Spielman: Pryor 'was allowed to operate by his own set of rules'
Following head coach Jim Tressel's resignation on Monday morning, new allegations arose against Ohio State quarterback Terrelle Pryor, who is one of five Buckeye players suspended for the first five games of the 2011 season for selling merchandise to a tattoo parlor owner.
The Columbus Dispatch reported that both the NCAA and Ohio State are conducting investigations of Pryor due to allegations that he may have received cars and other extra benefits during his time in Columbus.
Former Ohio State linebacker Chris Spielman is always monitored to the happenings at his alma mater, and the ESPN analyst discussed the turmoil taking place at his former school in an interview with WBNS in Columbus.
"I'm saddened by it," Spielman said of the situation, according to SportsRadioInterviews.com. "I hate to see people go through turmoil and you have a pretty good track record over the years for probably 95 percent of your career doing things the right way and being a positive influence on kids and winning football games and winning championships, but you make one poor decision and there's severe consequences."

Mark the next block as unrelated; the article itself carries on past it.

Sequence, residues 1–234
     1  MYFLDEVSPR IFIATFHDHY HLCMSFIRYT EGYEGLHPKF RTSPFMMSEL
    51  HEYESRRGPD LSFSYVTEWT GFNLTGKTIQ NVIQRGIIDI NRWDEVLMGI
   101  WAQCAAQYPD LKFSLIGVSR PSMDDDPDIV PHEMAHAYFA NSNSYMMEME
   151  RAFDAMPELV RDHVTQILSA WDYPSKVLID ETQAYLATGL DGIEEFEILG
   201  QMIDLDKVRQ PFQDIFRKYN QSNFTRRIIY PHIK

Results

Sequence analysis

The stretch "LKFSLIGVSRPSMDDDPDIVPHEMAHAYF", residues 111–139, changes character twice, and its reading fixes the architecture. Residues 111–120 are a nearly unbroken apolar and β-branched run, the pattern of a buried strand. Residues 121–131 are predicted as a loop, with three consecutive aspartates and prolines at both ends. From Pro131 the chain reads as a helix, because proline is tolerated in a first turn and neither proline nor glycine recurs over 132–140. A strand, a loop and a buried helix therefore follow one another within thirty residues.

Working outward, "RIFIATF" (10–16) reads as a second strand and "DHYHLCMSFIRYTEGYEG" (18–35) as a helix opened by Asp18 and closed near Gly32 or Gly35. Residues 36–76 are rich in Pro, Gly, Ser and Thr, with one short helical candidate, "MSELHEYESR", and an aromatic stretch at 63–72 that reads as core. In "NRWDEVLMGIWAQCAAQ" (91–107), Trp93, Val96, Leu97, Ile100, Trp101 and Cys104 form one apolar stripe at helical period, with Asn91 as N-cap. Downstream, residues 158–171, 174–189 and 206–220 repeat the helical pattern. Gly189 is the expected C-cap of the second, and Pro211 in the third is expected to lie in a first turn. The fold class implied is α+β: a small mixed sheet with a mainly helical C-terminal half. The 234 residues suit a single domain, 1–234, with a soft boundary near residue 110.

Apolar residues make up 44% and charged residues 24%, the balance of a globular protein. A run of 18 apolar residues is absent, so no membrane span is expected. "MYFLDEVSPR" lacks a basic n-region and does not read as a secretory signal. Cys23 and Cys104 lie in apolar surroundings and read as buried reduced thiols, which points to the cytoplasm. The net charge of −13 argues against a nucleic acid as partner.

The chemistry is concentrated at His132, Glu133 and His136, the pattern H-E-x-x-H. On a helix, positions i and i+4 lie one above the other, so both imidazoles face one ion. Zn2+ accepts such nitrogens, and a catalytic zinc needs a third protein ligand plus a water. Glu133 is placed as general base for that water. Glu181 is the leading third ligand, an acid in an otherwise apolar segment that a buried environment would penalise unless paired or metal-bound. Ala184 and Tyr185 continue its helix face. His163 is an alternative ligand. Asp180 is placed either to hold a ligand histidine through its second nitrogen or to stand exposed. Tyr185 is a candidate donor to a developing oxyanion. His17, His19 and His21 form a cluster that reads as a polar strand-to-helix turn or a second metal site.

Spielman also echoed the sentiments of many, myself included, when asked about Pryor's future in Columbus.
"I think he's played his last game," he predicted. "I don't know if you guys have heard this. I've heard through players, former players, that TP (Terrelle Pryor) operated and was allowed to operate by his own set of rules. Being late to meetings. Being late to practice. Not showing up for workouts. I don't know if that's true or not true. If it is I'm so disappointed in the leaders of the team that allowed that to go on, that allowed a player, not to show up without either confrontation, physical or verbal first, physical if necessary."
Perhaps Spielman's most astute point was that if his teammates couldn't keep Pryor straight and ask him to be a better, more focused player, then it was on the coaches to get their star player to act more like a leader while in Columbus.
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